I Worked 14 Hours a Day like Jordan B. Peterson for One Week, Here’s How It Went
Is working for 14 hours per day like Jordan B. Peterson a good idea?
Jordan B. Peterson is a professor of psychology at the University of Toronto, he is also a clinical psychologist, author and public speaker. I first came into contact with Peterson’s work when I watched a video about his crazy work routine. I did a little research about him and discovered that aside from being very opinionated, he is extremely hard working and he has been working 14 hours per day since 1985. I decided to give it a try, as I am currently researching the power of hard work and looking into the work routines of the rich and successful.
A couple of months ago, I decided to give this 14 hour day thing a try. Here is how it went:
First, here is a quote from Jordan B. Peterson.
“Be regular and orderly in your life so that you may be violent and original in your work.”
Don’t worry! I don’t plan on giving you a rundown of every single day of the challenge. I just want to provide you with a brief outline.
Jordan starts work at 8 am and finishes work at 10 pm, he does this seven days a week. He says that he works hard and goes all in for those 14 hours. This is how my first day went.
-Woke up at 4 am to pray
-Went back to bed and woke up at 7:30 am to prepare for work
-Started work at 8 am with a hot cocoa drink to get me going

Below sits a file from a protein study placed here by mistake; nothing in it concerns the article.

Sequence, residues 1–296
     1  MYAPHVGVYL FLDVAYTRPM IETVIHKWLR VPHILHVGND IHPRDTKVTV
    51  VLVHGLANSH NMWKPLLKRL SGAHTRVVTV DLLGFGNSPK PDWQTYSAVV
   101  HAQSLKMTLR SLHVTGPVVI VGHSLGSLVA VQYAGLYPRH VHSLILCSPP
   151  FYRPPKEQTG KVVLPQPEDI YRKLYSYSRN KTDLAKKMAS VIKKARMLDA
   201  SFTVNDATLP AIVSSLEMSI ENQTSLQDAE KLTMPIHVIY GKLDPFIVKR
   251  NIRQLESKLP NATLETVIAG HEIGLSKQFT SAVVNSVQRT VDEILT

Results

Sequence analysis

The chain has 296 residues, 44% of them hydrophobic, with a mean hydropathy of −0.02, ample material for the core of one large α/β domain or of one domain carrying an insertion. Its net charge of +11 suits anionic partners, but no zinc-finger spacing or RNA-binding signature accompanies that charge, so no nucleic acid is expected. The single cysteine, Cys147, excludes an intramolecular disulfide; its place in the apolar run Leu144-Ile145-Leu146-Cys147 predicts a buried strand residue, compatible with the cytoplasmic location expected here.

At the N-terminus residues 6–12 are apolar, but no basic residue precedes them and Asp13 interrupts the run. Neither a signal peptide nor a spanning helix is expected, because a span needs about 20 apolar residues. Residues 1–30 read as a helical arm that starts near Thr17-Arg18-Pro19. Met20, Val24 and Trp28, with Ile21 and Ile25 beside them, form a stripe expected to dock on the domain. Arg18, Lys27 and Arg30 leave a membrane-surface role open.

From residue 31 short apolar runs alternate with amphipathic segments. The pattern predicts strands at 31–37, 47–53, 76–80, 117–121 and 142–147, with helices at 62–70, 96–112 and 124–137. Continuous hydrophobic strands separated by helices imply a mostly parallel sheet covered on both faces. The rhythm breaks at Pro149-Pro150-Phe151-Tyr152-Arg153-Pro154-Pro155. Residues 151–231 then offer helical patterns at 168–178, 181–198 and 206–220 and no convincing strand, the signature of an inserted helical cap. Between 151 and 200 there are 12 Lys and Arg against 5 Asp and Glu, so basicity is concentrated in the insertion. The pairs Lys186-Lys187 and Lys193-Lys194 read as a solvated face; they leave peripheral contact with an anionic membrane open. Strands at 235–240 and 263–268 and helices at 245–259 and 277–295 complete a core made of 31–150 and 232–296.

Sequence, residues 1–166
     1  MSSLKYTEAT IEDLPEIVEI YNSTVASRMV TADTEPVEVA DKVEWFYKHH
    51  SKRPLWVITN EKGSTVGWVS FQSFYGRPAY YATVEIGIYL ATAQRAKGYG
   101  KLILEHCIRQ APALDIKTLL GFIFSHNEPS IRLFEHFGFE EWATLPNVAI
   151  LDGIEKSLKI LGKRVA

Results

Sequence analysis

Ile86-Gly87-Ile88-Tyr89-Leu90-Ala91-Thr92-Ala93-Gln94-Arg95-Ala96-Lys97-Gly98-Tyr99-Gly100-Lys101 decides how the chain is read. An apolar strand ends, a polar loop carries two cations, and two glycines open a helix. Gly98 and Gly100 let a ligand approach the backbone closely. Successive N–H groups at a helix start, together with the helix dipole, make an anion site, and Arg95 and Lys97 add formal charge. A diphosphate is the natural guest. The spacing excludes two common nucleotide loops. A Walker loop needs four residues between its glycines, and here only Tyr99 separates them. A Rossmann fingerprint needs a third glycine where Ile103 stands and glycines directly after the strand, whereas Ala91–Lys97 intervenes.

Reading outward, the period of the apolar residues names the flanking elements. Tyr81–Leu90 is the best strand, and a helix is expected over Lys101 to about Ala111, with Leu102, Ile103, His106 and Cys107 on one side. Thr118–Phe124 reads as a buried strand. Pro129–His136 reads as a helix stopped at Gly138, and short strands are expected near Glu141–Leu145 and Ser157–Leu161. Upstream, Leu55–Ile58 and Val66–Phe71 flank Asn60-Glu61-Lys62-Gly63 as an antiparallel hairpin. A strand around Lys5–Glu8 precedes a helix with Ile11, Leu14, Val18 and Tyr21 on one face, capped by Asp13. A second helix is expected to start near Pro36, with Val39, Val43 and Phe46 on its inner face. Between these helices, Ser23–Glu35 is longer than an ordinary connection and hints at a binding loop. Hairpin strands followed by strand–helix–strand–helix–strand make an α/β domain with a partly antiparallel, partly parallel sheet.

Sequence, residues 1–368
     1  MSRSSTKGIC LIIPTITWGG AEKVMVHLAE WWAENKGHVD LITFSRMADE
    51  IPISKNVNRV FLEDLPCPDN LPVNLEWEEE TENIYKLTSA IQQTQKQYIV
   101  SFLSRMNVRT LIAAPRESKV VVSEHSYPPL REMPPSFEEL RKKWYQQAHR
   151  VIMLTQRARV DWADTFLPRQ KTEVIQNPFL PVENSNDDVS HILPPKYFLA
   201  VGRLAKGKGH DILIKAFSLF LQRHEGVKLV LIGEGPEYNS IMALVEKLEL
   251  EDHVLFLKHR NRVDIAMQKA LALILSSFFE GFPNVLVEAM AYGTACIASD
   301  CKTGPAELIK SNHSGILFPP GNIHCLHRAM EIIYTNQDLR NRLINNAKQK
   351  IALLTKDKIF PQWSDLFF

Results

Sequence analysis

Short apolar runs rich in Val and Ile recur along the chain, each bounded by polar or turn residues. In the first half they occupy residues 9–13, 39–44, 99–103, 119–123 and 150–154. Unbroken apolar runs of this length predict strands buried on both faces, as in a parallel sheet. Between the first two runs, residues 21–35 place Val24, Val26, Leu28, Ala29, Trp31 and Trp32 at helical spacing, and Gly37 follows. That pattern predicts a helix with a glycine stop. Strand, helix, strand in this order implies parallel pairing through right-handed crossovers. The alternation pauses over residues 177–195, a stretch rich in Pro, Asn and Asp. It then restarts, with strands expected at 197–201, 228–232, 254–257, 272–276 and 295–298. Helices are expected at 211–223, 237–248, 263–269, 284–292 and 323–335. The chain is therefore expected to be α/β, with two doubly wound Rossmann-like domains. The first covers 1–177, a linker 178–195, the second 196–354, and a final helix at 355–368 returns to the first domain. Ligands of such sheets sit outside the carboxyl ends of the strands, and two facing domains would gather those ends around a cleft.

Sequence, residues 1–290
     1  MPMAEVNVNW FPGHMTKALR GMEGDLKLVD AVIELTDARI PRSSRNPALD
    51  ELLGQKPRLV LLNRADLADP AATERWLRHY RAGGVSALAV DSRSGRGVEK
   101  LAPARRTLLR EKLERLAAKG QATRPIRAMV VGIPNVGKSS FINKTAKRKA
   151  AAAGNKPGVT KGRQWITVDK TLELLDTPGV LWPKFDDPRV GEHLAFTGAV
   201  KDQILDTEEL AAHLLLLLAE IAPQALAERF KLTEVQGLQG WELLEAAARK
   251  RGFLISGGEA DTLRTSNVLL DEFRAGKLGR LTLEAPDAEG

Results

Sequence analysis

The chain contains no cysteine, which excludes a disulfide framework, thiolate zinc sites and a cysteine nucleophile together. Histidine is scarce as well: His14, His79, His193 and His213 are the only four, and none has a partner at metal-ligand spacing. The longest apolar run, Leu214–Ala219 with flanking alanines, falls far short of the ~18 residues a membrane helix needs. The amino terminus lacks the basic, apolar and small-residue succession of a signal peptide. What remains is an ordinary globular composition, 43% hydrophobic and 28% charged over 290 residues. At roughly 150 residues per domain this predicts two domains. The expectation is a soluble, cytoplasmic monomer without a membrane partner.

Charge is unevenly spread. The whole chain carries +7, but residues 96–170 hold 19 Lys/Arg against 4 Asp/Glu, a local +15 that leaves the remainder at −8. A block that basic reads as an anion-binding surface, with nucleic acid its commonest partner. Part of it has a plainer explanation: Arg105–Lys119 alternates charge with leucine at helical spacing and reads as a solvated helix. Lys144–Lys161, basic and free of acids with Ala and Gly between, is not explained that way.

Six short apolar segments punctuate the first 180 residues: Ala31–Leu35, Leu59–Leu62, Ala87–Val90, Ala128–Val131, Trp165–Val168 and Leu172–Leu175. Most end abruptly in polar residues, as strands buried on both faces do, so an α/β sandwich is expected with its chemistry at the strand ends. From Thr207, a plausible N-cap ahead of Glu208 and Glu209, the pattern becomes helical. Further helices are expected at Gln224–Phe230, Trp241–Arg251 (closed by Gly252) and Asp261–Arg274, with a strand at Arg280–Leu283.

-By 10 am I stopped to have breakfast and do some exercise
-By 11 am I was back at the laptop pounding away at work
Note: I used the Pomodoro method throughout the whole day, working for 25-minute sprints and taking five-minute breaks. After four Pomodoro sets, I took a 15-minute break. My breaks consisted of walking around my back yard, reading a totally unrelated book or just staring into space for a while.
-I stopped for lunch at 2 pm and went for a brief walk to get my energy up
-I also made sure I drank at least three to four litres of water per day. I have to admit though, I didn’t manage to drink enough water on the first day.
-By 3 pm I sat back down to work
- I worked until 6 pm and had dinner
-Took a shower and worked from 7:30 pm until 10 pm.
Note: I am Muslim therefore, I had to stop throughout the day to carry out my obligatory prayers.
By the end of day one, I felt tired but not exhausted, I was ready to sleep by 10 pm. I also felt proud of the work that I had completed.
How Much Work Did I Do on My First Day?
My to-do list looked like this:
-Three 500 word articles to write for a client
-Two articles to edit and submit for Medium
-Two blog posts to update
-Respond to emails
-Read some Medium articles
-Content plan to write for the next two weeks (I write out article titles and ideas in advance, I also create social media posts in advance)
I managed to finish all my tasks for the day, I actually had time to spare and ended up reading before I went to bed. I actually reduced my task list for this day because I didn’t want to overwhelm myself with too many things to complete.
How Did I Feel By Day Seven?